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This morning, I find myself writing something like:

if (a == b == c):
  # do something

And was surprised that it gave me the expected result.

I thought it would behave as:

if ((a == b) == c):
  # do something

But it obviously didn't. It seems Python is treating the first statement differently from the second, which is nice but I couldn't find any documentation or explanation regarding this.

I tested and got this:

In [1]: 2 == 2 == 2
Out[1]: True

In [2]: (2 == 2) == 2
Out[2]: False

Would someone care to explain me what are the rules regarding such "chaining" of == (or !=) ?

Thank you very much.

share|improve this question
3  
Formally, if a, b, c, ..., y, z are expressions and op1, op2, ..., opN are comparison operators, then a op1 b op2 c ... y opN z is equivalent to a op1 b and b op2 c and ... y opN z, except that each expression is evaluated at most once. @ docs.python.org/reference/expressions.html – georg Jun 22 '12 at 9:46
2  
Neat, eh? You can also do a < b < c and such. – Thomas Jun 22 '12 at 9:48
    
Not that I care much, but may the downvoter explain why he downvoted ? – ereOn Jun 26 '12 at 7:01
up vote 24 down vote accepted

This works with all comparison operators - eg, you can also do:

>>> 4 < 5 < 6
True
>>> 4 < 5 !=2
True

In general, according to the documentation, a op1 b op2 c where op1 and op2 are any of: <, >, !=, ==, <=, >=, is , is not, in or not in will give the same result as:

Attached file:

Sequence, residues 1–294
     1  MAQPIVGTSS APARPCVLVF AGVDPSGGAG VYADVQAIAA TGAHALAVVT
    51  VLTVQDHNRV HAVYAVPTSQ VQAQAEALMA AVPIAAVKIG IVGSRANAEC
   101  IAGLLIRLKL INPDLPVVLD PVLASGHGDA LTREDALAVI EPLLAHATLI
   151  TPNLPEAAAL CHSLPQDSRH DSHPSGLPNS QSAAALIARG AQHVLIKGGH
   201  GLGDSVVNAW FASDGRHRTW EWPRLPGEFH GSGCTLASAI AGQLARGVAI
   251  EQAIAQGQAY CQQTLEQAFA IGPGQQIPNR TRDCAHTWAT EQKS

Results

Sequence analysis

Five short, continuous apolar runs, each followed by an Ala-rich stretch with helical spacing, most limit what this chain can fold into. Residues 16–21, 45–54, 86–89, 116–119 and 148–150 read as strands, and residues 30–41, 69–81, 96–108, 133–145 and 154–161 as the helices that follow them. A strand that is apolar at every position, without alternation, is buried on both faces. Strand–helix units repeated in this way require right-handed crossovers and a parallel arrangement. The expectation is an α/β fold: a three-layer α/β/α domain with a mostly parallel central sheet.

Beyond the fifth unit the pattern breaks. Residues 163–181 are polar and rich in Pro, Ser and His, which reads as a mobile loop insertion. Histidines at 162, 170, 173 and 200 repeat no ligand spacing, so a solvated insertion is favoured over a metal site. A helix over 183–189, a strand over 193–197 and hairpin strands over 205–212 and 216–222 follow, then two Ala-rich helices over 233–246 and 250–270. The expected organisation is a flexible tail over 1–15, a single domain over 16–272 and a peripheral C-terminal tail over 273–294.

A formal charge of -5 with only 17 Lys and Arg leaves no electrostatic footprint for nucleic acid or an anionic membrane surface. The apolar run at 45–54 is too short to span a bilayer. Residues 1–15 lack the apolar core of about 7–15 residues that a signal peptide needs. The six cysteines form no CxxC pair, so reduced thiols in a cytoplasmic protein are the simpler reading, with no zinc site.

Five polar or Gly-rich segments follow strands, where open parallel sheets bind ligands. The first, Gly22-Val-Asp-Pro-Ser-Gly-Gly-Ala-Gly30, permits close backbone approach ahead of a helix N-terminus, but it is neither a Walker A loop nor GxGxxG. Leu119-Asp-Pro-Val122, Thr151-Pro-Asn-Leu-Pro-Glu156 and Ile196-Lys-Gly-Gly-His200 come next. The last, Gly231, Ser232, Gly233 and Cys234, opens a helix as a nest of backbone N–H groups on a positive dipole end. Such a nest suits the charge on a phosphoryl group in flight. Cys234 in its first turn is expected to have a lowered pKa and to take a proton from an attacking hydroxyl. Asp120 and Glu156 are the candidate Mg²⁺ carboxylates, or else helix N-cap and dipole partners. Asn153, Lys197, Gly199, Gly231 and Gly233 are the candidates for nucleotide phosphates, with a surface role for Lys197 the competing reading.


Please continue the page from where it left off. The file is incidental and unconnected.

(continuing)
a op1 b and b op2 c

The docs also say that this can work with arbitrarily many comparisons, so:

>>> 5 != '5' != 'five' != (3+2)
True

Which can be a slightly confusing result sometimes since it seems to say 5 != (3+2) - each operand is only compared with the ones immediately adjacent to it, rather than doing all possible combinations (which mightn't be clear from examples using only ==, since it won't affect the answer if everything defines __eq__ sanely).

share|improve this answer
    
Also works for in and not in, e.g. 4 in [4] in [[4]] (not that I'm recommending this usage...) – interjay Jun 22 '12 at 9:50
    
@interjay indeed and I was actually editing those into my answer when your comment appeared. GMTA. :-) – lvc Jun 22 '12 at 9:52
1  
Thank you very much for the explanations. My love for this language grows day after day ! ;) – ereOn Jun 22 '12 at 11:39
    
@interjay However, the next logical extension, 4 and 5 in [4, 5], does not work as expected. That's a false positive, as shown here: 6 and 5 in [4, 5] == True. – Izkata Jun 22 '12 at 14:24
    
The lack of examples using chained != is probably because it's a strange thing to do with a non-transitive operator. If you really do want a != b != c != d to perform all possible checks, write something like if len({a, b, c, d}) == 4:. – dan04 Jun 22 '12 at 14:49

As far as I know the example you point out isn't chaining.

2 == 2 == 2 is like (2 == 2) and ( 2 == 2) which turns out to be True and True

while

(2 == 2) == 2 is like (True) == 2

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